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By: Louis Torrez,Travis Opiela, and Lindsey White
July 14, 2011

The shuffling of papers and squeaking of chairs quieted as the public speakers entered the room one by one. Each time, for a single fearful moment the room tensed, waiting for the speaker to begin. In a single second after each beginning, the room relaxed as each FFA member spoke confidently and purposefully before the judges and the audience.

Speaking Development Event finalists competed on Tuesday in Extemporaneous Speaking, Senior Prepared Public Speaking, Junior Prepared Public Speaking, Soil and Water Stewardship Speaking and Spanish Creed. 

Spanish Creed Speaking was proposed by the 2009-2010 State Officer team and was approved in January 2010. Serving as an invitational contest at the state convention for its second year, Spanish Creed Speaking ties in an important FFA tradition with current Texas culture.

“We're making history,” Los Fresnos FFA member Rebeca Rodriguez said. “Spanish Creed Speaking has encouraged me to try something new relating to my ethnicity.”

“Spanish Creed Speaking brought out the true passion in me. It influenced my goal to major in communications,” Alisia Peña, a Cameron Yoe FFA member, said. “It's one of the best experiences one can take advantage of.”

The Soil and Water Stewardship Public Speaking contest is open to high school agricultural science students interested in conservation. The contest encourages students to broaden their interest and understanding of conservation and how human influence relates to conservation and the environment.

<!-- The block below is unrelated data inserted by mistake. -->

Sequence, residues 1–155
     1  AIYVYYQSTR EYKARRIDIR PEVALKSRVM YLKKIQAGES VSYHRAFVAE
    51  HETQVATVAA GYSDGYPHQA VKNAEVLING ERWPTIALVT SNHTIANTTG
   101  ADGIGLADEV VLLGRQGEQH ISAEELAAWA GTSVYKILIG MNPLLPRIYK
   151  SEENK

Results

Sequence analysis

“I've always been interested in conservation,” Burleson FFA member Cheyenne Hammons said. “Before this, I didn't know much about forest conservation. This contest allowed me to learn something new about something I'm interested in.”

“I want to find a way to relate public speaking to being a veterinarian,” Hammons said. Her speech was centered around the ancient proverb, “If a tree falls in a forest, will it make a sound?”. Hammons focused on “humans needing to be the voice” of the trees.

“You learn a lot about soil and water in this contest,” Anna Bailey, a Madisonville FFA member, said. Bailey's speech focused on preservation and replenishing of trees.

Participants in Senior and Junior Prepared Public Speaking events present a six-to-eight minute informative speech in front of an audience and a panel of four judges. Following their speech, participants answer a series of questions relevant to their speech topic. Participants are judged on their speaking ability, speech content and presentation. 

“My brother was in FFA and I like to talk,” San Augustine FFA member Callie Hinly said, following her finals speech. Hinly chose her public speaking event because “you can choose a topic you really care about.” Hinly participated in Senior Prepared Public Speaking with an informative speech over social media impacting agriculture. 

“I’m interested in ag communications,” Hinly said. “Before I did this contest, I had no idea what ag communications was.” For Hinly, the influence of prepared public speaking doesn’t stop here at the state convention.

Paige Bowling, a  Junior Public Prepared speaker for the Axill FFA chapter, noted that public speaking builds courage and improves speaking skills in your day to day life. Bowling also stated the best thing one can do when public speaking is try your hardest, love what you are talking about and stay calm.

In Extemporaneous Speaking, speakers have 30 minutes to prepare a speech with the information they are given before the start of the contest. Speakers then have six-to-eight minutes to present their speech. Extemporaneous topics vary but are generally based on current events and issues.

Leah Long, an FFA member from Jayton-Girard, stated the “longer the speech the better, but you want to shoot for around six-to-six-and-a-half minutes." Long remarked that extemporaneous speaking is a good life skill because it helps with job interviews and builds confidence.